All six feet and more of him. His dark brown eyes were wide with shock, and his mouth hung open as if he were half-way through a word. His black hair was tousled like he’d just gotten out of bed. Not that she was thinking about Matt Dawson anywhere near a bed…
“Matt,” she finally said. “I’m so sorry! I didn’t mean to— I just turned around when Kevin said your name— I didn’t realize—”
“It’s okay,” he said evenly.
But it wasn’t. By reflex, Emily grabbed a stack of napkins from the bar and bunched them in her hand, the way she did when Heather March drank a little too much and the librarian got sloppy from her trademark gin and tonics.
But it was one thing for Emily to dab at a girlfriend’s blouse. It was a completely different matter to mop up the well-soaked fly of a man she hadn’t seen in…what was it? Twelve years?
Of course it was twelve years. She knew exactly how long it had been.
“Here,” she finally said, handing over the clump of napkins.
Matt grimaced and crushed them into a ball. Yeah. There wasn’t exactly a delicate way for him to soak up the cider either. Not that delicate had ever been high on the list of the Dawson boys’ charms.
Kevin Sinclair saved her, passing over another glass of cider and saying, “Emily’s had a rough night.”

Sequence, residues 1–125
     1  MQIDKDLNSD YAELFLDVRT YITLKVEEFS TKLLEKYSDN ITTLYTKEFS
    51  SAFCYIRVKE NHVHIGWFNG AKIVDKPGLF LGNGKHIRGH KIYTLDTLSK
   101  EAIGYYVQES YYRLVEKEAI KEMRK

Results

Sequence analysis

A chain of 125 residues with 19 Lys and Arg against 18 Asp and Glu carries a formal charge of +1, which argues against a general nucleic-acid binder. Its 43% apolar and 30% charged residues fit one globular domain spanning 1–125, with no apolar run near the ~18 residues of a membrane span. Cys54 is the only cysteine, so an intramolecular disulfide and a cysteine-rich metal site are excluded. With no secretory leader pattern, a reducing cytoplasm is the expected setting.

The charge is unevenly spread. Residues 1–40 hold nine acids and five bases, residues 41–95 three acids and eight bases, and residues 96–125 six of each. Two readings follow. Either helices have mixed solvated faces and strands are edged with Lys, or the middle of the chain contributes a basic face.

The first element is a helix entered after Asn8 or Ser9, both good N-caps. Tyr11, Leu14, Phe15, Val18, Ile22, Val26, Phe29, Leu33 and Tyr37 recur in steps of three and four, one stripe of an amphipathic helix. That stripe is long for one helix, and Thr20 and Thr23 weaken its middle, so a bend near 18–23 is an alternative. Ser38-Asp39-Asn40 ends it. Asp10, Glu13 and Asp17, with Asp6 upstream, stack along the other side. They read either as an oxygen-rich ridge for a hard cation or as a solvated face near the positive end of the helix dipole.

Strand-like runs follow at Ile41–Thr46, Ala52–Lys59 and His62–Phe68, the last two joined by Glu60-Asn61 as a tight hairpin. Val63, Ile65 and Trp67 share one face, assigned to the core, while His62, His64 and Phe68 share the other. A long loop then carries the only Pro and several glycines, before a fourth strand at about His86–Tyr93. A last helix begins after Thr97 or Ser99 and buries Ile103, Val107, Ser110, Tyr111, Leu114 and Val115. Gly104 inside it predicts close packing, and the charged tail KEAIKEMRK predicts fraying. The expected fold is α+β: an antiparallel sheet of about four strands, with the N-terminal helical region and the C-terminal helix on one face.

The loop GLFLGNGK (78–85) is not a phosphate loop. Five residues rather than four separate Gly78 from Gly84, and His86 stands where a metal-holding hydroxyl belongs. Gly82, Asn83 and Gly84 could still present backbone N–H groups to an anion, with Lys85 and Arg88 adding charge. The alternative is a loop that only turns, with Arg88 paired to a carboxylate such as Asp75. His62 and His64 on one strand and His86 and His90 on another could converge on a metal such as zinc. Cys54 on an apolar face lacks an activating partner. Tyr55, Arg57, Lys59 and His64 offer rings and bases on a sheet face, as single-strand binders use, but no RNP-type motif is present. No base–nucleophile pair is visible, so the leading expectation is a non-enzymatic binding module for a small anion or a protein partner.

Matt offered up the expected questioning glance.
Kevin said, “She was late getting here. Pulled up to her usual parking space, only to find some cidiot asshole parked in her spot. Big black monster of a truck.”
Matt nodded at the cider. “Add that to my tab.”
“You don’t have to—” Emily said. She should be buying him a drink after what she’d just done.
He shrugged. “I’m the cidiot asshole.”
Damn. This night just got better and better.Kev took Matt’s announcement as his signal to start pouring those drinks for the guys at the back.
“Sorry,” Matt said to her.
“It’s no big deal. It’s not like we have assigned parking spaces or anything.” Her forced laugh sounded like a hyena giving birth. She downed half her cider, making it disappear faster than the pint she’d tossed at Matt’s jeans. Which only reminded her to keep her eyes front and center. Pinned, in fact, on a spot in the precise middle of his forehead.
“So, how’re you doing?” he asked.
She spoke to his eyebrows. “Same old, same old.”
From her peripheral vision, she could see his chin jut toward the front table. “Someone’s birthday tonight?”
Crap. There went the tips of her ears again, flaming like she had something to hide. “Mine.” She remembered how to laugh. “The big three oh.”
“That explains the tiara,” he said, without cracking a smile.
She reached up and yanked the plastic contraption out of her hair. “Um, yeah.”
And two point seven from the Russian judge on Emily Dawson’s conversational skills! But all the parts of Emily’s brain that would normally have reminded her to talk about the weather, to ask what brought Matt back to town, to comment on the freaking baseball game on TV—all those parts were shut down by the mantra: Don’t look at his crotch. Don’t look at his crotch. Don’t look at his crotch.